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France says the unofficial migrant camp on the north coast of the country will be demolished "within days." That means up to 10,000 asylum-seekers are being resettled at centers across France.

Political prisoner Francisco Marquez was just released from a Venezuelan jail. Now in exile in the U.S., Marquez speaks with NPR's Michel Martin about the experience.

Venezuela has suspended the opposition movement's campaign for a recall referendum for President Nicolas Maduro. NPR's Michel Martin talks with reporter John Otis about the latest in the country.

Motivational speaker Saed Karzoun has a tough sell in the West Bank as he tries to preach optimism and self-empowerment at a time when pessimism runs high among Palestinians.

Bakers Susannah Gebhart and Maia Surdam are reviving election cake: a boozy, dense fruitcake that was a way for women to participate in the democratic process before they had the right to vote.

Creaky doors and squeaky floorboards are part of the territory of an old house. But what about the unexplained sounds that come and go?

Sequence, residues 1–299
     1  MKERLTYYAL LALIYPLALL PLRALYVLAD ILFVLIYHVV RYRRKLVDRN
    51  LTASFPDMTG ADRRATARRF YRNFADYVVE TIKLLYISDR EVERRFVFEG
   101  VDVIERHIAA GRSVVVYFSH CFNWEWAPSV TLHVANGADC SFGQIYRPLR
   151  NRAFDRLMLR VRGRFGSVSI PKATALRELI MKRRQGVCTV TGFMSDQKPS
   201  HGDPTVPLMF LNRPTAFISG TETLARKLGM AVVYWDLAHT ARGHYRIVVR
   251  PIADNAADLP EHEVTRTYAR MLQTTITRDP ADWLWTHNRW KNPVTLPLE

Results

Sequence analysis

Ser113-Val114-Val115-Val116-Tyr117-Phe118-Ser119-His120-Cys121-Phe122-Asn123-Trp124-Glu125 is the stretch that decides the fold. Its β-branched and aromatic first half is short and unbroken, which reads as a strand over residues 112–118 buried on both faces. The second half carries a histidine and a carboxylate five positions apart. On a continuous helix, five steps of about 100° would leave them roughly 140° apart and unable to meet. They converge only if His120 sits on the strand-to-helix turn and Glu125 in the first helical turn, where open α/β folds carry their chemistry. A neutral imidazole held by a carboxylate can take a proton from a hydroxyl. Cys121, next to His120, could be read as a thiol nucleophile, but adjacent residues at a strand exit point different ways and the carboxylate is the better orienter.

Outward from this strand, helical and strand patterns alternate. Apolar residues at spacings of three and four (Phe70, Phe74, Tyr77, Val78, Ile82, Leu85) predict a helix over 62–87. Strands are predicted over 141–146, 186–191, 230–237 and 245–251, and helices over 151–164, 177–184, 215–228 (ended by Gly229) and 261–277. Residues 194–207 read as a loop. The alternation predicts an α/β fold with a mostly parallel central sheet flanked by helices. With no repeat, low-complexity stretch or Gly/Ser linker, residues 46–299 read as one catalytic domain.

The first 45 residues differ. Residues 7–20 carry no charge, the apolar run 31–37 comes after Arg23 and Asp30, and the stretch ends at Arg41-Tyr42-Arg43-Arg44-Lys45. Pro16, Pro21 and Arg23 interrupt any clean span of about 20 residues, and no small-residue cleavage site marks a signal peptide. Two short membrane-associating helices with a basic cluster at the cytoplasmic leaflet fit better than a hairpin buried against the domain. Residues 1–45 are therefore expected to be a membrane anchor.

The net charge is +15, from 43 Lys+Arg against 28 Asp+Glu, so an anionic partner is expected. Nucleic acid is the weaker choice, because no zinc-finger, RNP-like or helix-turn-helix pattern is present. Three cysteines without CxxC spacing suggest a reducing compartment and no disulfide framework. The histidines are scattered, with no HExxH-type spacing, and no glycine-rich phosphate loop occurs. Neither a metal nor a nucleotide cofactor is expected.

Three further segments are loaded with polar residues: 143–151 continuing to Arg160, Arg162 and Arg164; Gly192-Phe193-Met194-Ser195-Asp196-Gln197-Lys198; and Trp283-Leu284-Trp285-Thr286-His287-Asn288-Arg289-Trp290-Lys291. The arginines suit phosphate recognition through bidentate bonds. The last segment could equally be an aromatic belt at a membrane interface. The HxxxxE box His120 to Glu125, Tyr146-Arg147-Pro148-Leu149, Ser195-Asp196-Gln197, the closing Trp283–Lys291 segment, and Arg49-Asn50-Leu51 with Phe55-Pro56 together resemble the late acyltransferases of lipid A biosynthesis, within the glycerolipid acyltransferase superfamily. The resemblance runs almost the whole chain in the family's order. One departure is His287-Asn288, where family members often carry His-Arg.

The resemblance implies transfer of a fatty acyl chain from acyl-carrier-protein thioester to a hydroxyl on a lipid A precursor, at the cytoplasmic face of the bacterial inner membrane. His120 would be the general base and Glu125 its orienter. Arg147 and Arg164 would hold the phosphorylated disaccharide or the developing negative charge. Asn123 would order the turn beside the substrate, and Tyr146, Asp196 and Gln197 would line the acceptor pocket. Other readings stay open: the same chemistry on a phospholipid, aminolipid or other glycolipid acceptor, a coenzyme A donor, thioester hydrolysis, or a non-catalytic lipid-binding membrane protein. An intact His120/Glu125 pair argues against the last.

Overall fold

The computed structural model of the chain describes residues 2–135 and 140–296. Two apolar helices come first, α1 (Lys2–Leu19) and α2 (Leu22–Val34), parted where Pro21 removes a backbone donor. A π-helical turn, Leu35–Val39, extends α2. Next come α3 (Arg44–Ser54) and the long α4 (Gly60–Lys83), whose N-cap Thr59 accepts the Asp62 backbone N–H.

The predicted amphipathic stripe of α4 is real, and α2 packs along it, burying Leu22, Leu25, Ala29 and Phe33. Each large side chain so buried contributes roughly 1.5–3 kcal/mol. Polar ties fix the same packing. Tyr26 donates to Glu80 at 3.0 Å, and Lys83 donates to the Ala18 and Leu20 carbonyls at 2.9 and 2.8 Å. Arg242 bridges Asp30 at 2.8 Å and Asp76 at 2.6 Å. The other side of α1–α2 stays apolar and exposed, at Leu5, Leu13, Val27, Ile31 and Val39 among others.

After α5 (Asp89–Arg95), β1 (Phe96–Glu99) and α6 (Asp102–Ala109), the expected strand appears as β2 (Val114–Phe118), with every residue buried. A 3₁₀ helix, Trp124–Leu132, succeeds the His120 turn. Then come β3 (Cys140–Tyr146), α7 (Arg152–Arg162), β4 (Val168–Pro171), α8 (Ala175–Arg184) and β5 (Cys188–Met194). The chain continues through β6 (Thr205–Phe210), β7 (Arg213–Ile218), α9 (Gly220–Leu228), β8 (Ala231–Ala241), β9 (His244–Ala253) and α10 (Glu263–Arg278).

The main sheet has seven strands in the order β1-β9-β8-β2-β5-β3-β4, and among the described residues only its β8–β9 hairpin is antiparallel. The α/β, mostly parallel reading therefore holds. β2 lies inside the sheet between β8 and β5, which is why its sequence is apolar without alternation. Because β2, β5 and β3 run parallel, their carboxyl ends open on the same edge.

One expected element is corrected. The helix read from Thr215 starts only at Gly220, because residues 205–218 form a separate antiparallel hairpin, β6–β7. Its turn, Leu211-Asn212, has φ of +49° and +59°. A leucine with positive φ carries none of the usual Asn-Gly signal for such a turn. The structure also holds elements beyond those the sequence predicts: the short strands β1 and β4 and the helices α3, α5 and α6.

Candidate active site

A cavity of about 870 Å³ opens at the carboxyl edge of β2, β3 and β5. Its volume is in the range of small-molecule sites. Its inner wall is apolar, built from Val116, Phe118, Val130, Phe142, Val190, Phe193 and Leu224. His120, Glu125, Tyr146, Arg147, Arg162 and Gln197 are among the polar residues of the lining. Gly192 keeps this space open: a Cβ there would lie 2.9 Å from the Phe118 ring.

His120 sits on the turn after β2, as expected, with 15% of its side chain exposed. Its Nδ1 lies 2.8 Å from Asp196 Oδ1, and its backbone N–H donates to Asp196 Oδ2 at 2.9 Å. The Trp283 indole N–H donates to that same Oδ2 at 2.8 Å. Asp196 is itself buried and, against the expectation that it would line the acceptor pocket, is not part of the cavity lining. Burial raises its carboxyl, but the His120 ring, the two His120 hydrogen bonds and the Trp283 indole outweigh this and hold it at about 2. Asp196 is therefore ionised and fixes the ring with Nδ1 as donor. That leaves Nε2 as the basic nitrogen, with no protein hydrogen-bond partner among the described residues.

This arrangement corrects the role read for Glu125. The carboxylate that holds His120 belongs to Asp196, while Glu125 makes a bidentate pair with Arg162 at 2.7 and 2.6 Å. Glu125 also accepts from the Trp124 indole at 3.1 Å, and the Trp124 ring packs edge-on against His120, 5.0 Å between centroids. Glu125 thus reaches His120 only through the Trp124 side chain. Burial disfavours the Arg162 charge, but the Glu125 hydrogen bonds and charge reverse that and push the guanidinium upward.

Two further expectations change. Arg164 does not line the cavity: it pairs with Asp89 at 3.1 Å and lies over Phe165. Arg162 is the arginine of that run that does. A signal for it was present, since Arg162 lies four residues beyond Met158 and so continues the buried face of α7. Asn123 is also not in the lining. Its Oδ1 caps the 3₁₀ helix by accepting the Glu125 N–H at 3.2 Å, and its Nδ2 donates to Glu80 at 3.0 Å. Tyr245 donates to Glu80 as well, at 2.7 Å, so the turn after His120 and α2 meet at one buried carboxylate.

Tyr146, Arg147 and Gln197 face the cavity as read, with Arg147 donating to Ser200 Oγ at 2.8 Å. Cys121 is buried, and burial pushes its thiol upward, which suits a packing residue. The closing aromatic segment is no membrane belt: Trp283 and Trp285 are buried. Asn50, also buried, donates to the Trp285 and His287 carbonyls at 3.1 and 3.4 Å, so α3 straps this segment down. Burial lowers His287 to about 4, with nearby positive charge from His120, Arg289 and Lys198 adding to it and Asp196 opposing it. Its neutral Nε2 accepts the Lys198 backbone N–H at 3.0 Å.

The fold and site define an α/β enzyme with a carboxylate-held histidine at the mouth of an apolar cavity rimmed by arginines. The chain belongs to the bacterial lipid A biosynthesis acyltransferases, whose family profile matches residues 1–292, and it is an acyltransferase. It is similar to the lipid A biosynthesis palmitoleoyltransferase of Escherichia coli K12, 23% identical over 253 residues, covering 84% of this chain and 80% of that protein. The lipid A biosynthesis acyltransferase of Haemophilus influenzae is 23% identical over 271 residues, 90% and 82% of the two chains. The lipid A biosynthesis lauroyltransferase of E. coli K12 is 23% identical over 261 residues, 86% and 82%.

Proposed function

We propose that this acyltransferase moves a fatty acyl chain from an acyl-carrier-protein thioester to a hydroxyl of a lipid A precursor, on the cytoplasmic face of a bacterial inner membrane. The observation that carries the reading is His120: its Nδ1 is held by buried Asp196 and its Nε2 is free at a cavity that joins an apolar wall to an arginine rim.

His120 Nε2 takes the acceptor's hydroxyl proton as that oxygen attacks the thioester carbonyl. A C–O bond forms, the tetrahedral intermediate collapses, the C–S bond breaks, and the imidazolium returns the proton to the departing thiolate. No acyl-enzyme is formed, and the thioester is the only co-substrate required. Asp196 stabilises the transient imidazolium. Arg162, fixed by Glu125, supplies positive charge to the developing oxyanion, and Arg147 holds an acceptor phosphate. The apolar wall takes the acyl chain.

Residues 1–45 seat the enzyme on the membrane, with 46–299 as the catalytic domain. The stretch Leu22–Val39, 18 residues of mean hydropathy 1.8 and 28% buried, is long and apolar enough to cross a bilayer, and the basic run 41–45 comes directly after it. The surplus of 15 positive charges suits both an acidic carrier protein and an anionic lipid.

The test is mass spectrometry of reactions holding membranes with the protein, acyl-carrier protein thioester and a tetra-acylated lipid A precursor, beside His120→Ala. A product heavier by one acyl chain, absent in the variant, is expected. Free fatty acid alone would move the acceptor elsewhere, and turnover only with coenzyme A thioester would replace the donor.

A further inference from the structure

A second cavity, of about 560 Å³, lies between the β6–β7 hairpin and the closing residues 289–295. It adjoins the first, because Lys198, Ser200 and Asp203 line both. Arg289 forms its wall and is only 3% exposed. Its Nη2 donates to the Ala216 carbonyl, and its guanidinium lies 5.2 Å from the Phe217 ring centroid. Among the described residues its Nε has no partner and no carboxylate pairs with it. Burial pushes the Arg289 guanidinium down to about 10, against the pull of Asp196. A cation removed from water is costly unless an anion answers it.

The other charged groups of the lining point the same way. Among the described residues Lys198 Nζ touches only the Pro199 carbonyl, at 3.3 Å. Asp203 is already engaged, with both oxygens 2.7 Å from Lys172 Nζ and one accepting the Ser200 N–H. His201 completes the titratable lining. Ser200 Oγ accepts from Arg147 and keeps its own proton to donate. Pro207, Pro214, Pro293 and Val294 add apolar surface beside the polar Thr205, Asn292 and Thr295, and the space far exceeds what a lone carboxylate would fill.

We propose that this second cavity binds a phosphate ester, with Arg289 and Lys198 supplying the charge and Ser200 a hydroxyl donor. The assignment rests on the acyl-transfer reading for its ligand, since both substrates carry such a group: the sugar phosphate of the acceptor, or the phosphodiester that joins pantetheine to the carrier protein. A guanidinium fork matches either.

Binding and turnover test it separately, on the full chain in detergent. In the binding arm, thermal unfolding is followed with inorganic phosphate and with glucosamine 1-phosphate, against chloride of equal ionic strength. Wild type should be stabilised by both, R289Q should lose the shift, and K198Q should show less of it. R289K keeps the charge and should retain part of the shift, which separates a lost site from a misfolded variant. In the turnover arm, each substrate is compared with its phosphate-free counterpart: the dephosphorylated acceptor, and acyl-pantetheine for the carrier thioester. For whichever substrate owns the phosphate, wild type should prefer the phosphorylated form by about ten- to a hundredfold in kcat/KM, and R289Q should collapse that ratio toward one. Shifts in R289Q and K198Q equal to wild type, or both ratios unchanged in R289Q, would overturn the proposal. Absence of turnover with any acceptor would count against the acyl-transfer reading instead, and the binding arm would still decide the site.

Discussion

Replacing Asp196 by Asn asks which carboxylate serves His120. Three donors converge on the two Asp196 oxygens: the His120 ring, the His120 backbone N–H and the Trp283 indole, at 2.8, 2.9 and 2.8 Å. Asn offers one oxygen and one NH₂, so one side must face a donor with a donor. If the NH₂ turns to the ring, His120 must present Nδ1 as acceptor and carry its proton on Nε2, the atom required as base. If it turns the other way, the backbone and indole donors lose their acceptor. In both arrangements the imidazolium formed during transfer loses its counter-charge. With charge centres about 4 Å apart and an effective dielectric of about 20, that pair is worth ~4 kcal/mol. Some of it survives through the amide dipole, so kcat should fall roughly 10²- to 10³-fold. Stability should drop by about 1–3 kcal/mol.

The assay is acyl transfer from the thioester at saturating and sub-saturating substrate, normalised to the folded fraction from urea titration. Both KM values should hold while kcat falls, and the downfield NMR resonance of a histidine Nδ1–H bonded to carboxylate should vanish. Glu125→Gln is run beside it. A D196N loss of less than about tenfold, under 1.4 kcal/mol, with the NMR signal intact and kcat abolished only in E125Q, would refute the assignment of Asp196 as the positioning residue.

A new report from Georgetown Law's Center on Privacy and Technology says all it takes is a driver's license to be included in the searchable databases. Rachel Martin talks to co-author Alvaro Bedoya.

Some supporters of Donald Trump look to the election of 2000, when Al Gore conceded to George W. Bush not once but twice — five weeks apart. NPR senior editor and correspondent Ron Elving explains.

Members of the Danish rock band, Sune Rose Wagner and Sharin Foo, say their unconvential launch strategy will result in an album that may be "totally schizophrenic, but in a really wonderful way."

Minimum wages are on their way to $15 an hour in New York and California. Workers look forward to the bump. But some small businesses are bracing for a hit to their bottom line.




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